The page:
(BAGF) in Bedford-Stuyvesant is one of only a handful of public high schools in New York City that offers classes in Mandarin Chinese.
It has partnerships with some of the top education agencies in the city, such as the National Academy Foundation; the students take field trips to Wall Street each semester; and this past year, the school's students placed second out 16 schools in the borough-wide stock market challenge.
But the school’s latest claim to fame is where it placed in this year’s Department of Education Learning Environment Survey (LES)—as one of the most dangerous in all of New York City.
"The kids run wild, and the teachers are scared," said a former administrator at the high school, in a New York Daily News article. “It’s like there are no rules here.”
The school was co-founded only two years ago by Brooklyn Borough President Marty Markowitz. His office released a statement about the survey results, saying, "The leadership is working to ensure the school fulfills its mission—to make a career in finance a very real and exciting option for all of its students."
The school’s principal Kavita Gupta, who stepped in after the first principal was fired, says the characterization of her school as dangerous and unsafe is innacurate and unfair. She points out that even as the student body has doubled in the school's second year (receiving its new freshman class), superintendent suspensions have gone down 33 percent.
She also points out that the LES survey is based on the perception of staff, students and their parents and not on the actual facts.
The police have reported no evidence of gang activity within or outside of the perimeter of the school, she says. No weapons have ever been reported, and the school has never had a need to use a scanner.
She admits the school has had some problems with bullying, but she insists that it's no more than any other school with a similar population.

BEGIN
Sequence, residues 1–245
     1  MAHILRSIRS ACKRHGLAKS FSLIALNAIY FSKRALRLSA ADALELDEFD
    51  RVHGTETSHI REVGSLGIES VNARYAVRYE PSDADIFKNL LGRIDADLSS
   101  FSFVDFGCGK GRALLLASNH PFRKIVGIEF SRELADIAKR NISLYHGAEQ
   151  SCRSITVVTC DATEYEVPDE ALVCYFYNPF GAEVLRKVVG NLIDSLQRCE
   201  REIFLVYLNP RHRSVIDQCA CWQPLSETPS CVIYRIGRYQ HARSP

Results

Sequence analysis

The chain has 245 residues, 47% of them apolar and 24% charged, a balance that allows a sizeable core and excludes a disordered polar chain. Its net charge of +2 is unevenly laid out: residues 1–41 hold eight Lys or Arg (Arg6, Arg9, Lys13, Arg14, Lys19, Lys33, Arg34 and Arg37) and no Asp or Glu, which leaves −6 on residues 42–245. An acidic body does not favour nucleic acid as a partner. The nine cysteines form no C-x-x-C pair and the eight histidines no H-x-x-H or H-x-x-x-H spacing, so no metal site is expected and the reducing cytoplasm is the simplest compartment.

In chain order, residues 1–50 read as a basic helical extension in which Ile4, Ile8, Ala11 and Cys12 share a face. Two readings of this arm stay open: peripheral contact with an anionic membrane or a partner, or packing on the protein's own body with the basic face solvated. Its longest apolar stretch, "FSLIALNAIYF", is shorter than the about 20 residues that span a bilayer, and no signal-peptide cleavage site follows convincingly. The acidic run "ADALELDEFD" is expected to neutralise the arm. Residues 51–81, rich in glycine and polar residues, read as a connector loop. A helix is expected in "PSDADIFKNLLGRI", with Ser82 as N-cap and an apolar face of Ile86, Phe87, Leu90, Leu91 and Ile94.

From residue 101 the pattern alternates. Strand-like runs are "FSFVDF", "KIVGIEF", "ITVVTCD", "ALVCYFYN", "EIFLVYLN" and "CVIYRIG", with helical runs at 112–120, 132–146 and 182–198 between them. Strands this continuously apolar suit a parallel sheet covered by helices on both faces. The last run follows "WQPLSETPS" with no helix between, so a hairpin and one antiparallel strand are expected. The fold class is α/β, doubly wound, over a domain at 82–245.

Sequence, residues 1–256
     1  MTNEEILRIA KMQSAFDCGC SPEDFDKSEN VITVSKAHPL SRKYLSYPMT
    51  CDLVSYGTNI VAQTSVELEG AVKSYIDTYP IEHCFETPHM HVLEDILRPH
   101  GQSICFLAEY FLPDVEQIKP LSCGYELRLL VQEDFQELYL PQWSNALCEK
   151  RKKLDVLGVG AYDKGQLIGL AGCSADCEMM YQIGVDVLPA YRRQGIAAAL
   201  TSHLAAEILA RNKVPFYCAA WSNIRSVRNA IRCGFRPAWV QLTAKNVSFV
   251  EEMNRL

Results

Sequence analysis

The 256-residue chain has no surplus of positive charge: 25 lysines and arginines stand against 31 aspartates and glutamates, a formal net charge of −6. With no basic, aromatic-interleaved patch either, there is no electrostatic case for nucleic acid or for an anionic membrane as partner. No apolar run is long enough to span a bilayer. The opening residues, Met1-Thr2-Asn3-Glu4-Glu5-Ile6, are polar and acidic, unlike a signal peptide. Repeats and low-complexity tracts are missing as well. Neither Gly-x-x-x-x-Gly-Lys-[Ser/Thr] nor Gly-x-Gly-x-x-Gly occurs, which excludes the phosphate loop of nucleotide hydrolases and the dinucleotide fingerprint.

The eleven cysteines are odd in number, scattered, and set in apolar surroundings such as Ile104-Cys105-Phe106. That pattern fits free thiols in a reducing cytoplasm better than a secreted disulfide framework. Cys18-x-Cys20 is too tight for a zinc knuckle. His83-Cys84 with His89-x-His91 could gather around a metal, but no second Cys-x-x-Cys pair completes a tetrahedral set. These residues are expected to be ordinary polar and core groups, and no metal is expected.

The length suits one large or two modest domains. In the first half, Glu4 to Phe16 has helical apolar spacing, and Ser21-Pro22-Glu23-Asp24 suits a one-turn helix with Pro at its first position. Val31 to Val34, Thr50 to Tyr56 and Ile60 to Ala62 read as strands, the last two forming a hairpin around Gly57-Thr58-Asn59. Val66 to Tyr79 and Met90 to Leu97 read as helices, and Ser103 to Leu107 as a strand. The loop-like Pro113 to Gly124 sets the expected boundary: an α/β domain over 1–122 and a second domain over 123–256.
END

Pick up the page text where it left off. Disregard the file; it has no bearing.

“The majority of the fights were by people who had chronic suspensions,” said Gupta. “It was the same people. But it was not pervasive.”
In the “Safety and Respect” section of the report where students answered the question, “I stay at home because I don’t feel safe at school,” students were asked to check “Never,” “Some of the Time,” Most of the Time,” or “All of the Time.”
Two percent of the students checked “All of the Time,” and 94 percent of the students chose “Never” or “Some of the Time,” meaning that only 2 percent of the students felt unsafe to the point where they did not want to come to school, while 94 percent of the students generally felt safe enough to come to school.
High school is where alcohol and illegal drug use are often a huge problem. However, nearly 50 percent of the students at BAGF checked "never" for how often they see drugs and alcohol, while another 30 percent checked only “Some of the Time.”
“The way it’s being presented, it’s like they’re saying this is the worst school in the city, and that’s just misconstrued,” said Kim Warren, who has worked as the community coordinator at BAGF since February. Before BAGF, Warren ran the counselor program at Brooklyn Technical High School for 16 years and now teaches an advisory class that focuses on the students’ psychosocial development.